I once thought peer editing was a type of "superior than you" attitude my classmates carried and a way for my classmates to bash my writings as indicated in the above image. After watching the videos, now I look at peer editing has being fun and exciting and a way to interactive with my classmates. Paige Ellis's blog shines a refreshing light on how to do an effective peer editing. She lets her peers know how to correct someone's writing without coming off as being harsh. Peer editing is defined as making corrections and giving suggestions along with awarding compliments to someone's writing that is in your age range. The steps mentioned in the video What is Peer Editing? by nrpatric and the slideshow tutorial Peer Edit With Perfection by Adriana Zardini can help all peers avoid being negative and ineffective. Both tutorials have stated three main steps that peers must remember.
- Always start with one
- Stay Positive
- Be Specific
- Give detailed ideas
- Check spelling and grammar
- Check for incomplete sentences and run-ons
When doing peer editing, the number one thing to remember is to STAY POSITIVE!! You can start a sentence with "I enjoyed reading your blog especially the part where ..." or "Your blog was very thorough and well written". By using these compliments, your peers will be more inclined to listen to your feedback and not take the corrections personally. When giving suggestions, you should always be specific. Your ideas should include word choice options and direct details on the reasons behind the changes you recommended. Also check for the structure of the sentences, the flow organization of the paragraphs, and make sure the post is relevant to the topic. When making corrections, always make sure it improves the writing. You should check for spelling errors and grammatical mistakes. You want to help enhance the writing, not minimize it.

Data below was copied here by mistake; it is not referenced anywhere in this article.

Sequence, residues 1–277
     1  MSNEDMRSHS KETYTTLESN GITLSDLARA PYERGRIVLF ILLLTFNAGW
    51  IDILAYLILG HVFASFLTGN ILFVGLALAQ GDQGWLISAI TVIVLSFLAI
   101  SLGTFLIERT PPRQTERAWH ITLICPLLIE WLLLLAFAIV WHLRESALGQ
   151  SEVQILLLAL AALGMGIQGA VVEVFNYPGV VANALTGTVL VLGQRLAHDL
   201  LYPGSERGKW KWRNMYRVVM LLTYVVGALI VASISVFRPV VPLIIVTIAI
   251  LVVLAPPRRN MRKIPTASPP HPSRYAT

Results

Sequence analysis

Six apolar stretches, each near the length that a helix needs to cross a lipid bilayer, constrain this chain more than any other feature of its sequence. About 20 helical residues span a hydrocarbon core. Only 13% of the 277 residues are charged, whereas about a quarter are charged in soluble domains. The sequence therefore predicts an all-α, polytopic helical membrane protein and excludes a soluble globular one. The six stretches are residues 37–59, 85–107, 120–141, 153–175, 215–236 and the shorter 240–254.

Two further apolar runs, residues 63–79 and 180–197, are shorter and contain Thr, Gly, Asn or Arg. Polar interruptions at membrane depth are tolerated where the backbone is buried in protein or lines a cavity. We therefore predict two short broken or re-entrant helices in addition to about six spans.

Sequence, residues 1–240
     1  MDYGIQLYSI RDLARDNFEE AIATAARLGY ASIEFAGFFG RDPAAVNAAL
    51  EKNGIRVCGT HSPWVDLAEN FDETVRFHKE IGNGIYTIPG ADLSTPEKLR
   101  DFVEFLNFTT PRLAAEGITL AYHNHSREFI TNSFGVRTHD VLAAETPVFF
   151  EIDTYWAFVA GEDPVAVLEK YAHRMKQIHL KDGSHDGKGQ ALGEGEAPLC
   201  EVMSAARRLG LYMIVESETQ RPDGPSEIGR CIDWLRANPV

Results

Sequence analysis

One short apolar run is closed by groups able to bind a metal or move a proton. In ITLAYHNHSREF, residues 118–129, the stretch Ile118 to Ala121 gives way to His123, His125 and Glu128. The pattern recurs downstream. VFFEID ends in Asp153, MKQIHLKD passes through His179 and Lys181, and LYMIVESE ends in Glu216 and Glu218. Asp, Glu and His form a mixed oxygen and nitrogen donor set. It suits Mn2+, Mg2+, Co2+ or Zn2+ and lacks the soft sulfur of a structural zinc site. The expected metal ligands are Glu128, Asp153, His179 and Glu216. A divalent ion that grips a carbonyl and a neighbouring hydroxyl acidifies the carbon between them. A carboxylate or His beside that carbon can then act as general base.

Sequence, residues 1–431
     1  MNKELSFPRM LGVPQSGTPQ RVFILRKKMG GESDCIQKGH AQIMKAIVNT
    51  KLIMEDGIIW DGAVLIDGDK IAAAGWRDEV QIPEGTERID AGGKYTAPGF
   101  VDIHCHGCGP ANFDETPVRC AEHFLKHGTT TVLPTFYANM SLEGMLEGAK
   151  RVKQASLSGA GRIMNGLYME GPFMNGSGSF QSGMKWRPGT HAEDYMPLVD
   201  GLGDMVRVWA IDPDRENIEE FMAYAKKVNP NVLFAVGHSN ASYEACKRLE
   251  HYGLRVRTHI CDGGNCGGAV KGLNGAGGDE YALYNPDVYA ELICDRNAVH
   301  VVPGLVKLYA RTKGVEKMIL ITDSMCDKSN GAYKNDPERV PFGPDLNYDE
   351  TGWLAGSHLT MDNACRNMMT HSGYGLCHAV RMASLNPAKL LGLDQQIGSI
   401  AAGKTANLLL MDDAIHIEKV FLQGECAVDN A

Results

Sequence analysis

Critiquing someone's writing can be executed on an elementary school level as shown in the video by Tim Bedley Writing Peer Review Top 10 Mistakes. In this video, 10 different scenarios are demonstrated using names such as Picky Patty and Social Sammy to enlighten students on how not to act when doing peer editing with their classmates. I really liked how this video used younger students. Every example was clear and simply stated for all to understand. After watching this video, I have gained more knowledge on how to effectively do a peer editing.
On Paige's journey to do her peer editing assignment, she asked a very important question: "Do you critique someone's writing in public or through private email?" I believe it depends on how unsatisfactory the writing is. If it is just one or two corrections, I think it is respectable to comment publicly. This can help other students' writing abilities that may read the person's blog. If there are numerous corrections, then I would send a private email with the suggestions. Constructive criticism is always the method to use when doing peer editing. As an Athletic Trainer, I am constantly asked for advice from athletes on how to improve their game. I must be able to encourage them. We as future teachers need to learn to always motivate our students to do their best. If we constantly tear them down, they will stop wanting to learn. Peer editing gives us the practice we need to become positive, highly qualified educators and exceptional writers.